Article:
If you have cultured the milk of cows with mastitis you have probably found what are called “Coagulase-Negative Staphs.” or CNS. In fact, these bugs are becoming the most prevalent pathogen identified for mastitis but may be one of the least understood. However, some new research is opening the door to a better understanding of CNS.
Let’s talk about how it gets its name. In the process of identifying the bacteria that cause mastitis or any disease, various procedures are used to separate out different types of bacteria based in their response to lab procedures.
Whether culturing on-farm or in a lab, an investigator looks at the media on which growth occurs. On a bi-plate containing blood agar and MacConkey agar, a milk sample containing only CNS bacteria will yield growth on blood agar only. That narrows the possibilities of bacteria mainly to streptococcus and staphylococcus. Hydrogen peroxide is used on a glass slide to see if a colony bubbles. A bubbling reaction is called catalase-positive and indicates a staphylococcus species, whereas non-bubbling, or catalase-negative, indicates streptococcus bacteria.
To further differentiate a catalase-positive colony, colonies are placed in a test tube and rabbit serum is added. If the serum thickens to a gel (that is, it coagulates), the bacteria is called coagulase-positive and is most likely Staphylococcus aureus. Otherwise, the bacteria are labeled as a Coagulase-negative Staph. or CNS.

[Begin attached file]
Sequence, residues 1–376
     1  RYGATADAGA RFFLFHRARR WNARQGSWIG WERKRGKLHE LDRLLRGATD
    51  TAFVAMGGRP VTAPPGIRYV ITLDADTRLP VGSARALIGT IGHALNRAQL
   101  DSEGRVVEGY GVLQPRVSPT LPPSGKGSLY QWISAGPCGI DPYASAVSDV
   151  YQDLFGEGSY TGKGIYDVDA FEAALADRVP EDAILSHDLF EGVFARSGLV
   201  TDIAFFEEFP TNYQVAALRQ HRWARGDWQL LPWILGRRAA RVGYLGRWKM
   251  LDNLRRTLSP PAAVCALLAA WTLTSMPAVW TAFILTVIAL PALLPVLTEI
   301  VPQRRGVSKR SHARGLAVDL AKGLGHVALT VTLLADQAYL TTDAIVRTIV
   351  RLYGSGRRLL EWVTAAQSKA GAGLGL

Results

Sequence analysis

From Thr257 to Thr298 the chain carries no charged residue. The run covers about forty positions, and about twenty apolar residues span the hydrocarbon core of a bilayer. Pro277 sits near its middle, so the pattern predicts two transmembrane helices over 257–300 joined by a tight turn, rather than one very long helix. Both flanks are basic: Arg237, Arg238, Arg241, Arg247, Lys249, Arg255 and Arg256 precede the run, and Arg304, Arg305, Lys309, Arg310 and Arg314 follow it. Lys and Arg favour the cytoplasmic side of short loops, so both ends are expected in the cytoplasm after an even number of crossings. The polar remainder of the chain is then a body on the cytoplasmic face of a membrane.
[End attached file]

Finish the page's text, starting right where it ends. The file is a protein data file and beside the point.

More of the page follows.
But CNS is not an individual type of bacteria – it is really a group of species of bacteria, and these do not all behave the same in the udder. A study by Fry published in the August 2014 edition of the Journal of Dairy Science showed 20 different CNS species bacteria could be identified in milk samples from 555 cows that had subclinical mastitis on 89 farms in Canada. Cows were sampled during late lactation, dry period, at calving, in the early post-partum period and during lactation. They used gene sequencing to determine the specific bacteria.
Some species occurred more commonly than others in the milk samples. Of the 20 different species differentiated, three species accounted for 77 percent of the CNS identified. Only nine species where identified in persistently-infected quarters, some for a period of greater than 200 days. The other 11 species appeared to be transient infections, or were cured. Some species of CNS were associated with significantly higher somatic cell count (SCC) than uninfected control mammary quarters. However, some milk samples from which CNS were isolated did not have a higher SCC than their uninfected quarters.